An exponential growth model with decreasing r captures bottom‐up effects on the population growth of Aphis glycines Matsumura (Hemiptera: Aphididae)
1 There is ample evidence that the life history and population dynamics of aphids are closely linked to plant phenology. Based on life table studies, it has been proposed that the growth of aphid
Phenology under bottom-up control: change in host quality induces diapause in parasitic wasps
When organisms coevolve, any change in one species can affect phenotypes and ecology of the other species. Upper trophic levels have to synchronize their life-cycle to both abiotic conditions and
Influence of aphid honeydew on the foraging behaviour of Hippodamia convergens larvae
The sugary excretion of aphids (honeydew) has been proposed to serve as a prey‐associated cue for ladybird larvae to increase predator foraging efficiency.
Dispersal to predator‐free space counterweighs fecundity costs in alate aphid morphs
Short‐distance flight from patches of high population density to uninfested plants may provide temporary predator‐free space, compensating for low fecundity, but this theoretical prediction has not been explored experimentally.
Aphid colony turn‐over influences the spatial distribution of the grain aphid Sitobion avenae over the wheat growing season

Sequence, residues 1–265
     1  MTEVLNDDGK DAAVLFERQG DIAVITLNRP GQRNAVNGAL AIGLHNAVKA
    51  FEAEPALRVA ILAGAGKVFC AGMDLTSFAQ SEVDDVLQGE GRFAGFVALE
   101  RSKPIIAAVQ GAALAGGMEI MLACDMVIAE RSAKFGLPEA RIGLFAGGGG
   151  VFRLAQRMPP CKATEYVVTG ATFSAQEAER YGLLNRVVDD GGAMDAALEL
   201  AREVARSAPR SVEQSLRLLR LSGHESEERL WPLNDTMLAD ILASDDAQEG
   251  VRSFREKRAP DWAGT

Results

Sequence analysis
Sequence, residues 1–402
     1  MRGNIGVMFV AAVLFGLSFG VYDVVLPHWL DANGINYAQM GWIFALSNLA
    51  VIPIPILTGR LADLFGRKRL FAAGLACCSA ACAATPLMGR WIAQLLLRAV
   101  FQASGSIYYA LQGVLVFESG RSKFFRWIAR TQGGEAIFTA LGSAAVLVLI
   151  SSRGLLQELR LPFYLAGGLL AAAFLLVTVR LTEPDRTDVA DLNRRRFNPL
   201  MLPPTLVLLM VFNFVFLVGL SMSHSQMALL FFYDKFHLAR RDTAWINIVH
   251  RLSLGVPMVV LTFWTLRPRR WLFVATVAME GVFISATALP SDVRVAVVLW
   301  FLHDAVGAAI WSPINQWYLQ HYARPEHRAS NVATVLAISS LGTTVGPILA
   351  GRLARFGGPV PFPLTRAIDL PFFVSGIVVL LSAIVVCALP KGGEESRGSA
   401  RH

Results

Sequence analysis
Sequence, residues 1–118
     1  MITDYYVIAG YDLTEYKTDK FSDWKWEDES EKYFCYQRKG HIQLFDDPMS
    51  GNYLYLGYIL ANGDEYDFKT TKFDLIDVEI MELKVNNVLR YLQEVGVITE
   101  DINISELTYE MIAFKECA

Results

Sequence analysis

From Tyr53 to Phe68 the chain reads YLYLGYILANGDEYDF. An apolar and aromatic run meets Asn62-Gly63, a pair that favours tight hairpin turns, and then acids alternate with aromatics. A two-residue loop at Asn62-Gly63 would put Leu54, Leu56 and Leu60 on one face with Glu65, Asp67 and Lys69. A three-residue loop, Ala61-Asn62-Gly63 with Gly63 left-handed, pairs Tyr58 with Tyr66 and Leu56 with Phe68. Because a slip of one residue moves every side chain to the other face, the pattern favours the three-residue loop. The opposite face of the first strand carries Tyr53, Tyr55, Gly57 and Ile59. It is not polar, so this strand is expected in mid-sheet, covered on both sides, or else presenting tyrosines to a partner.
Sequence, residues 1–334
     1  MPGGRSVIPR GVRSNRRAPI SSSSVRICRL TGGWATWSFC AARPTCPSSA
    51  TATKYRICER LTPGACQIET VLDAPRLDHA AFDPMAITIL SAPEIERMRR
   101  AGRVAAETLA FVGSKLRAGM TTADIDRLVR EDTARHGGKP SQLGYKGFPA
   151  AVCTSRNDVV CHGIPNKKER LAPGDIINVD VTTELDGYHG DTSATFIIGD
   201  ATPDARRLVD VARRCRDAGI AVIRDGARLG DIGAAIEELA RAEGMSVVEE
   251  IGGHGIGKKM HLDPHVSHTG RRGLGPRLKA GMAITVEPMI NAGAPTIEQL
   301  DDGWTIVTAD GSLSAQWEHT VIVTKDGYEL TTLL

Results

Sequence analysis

This work has shown that phytophagous insects, such as crop pests living in agroecosystems, have a high ability to find and exploit new patches in temporary habitats, and their invasion is of great agricultural importance.


Seasonality and reproduction in aphids
Aphids are short-lived and occupy habitats which vary in quality in both time and space. They exploit their ephemerally nutritious habitats by rapidly producing many small offspring when conditions...
Niche relationships among species of aphids feeding on fireweed
Three species of aphids feeding on fireweed in the Rocky Mountains of Colorado, U.S.A. differ in their time of colonization of fireweed, time of maximum number of colonies, feeding position onFireweed, relationships to tending ants, life table parameters, and other life history characteristics.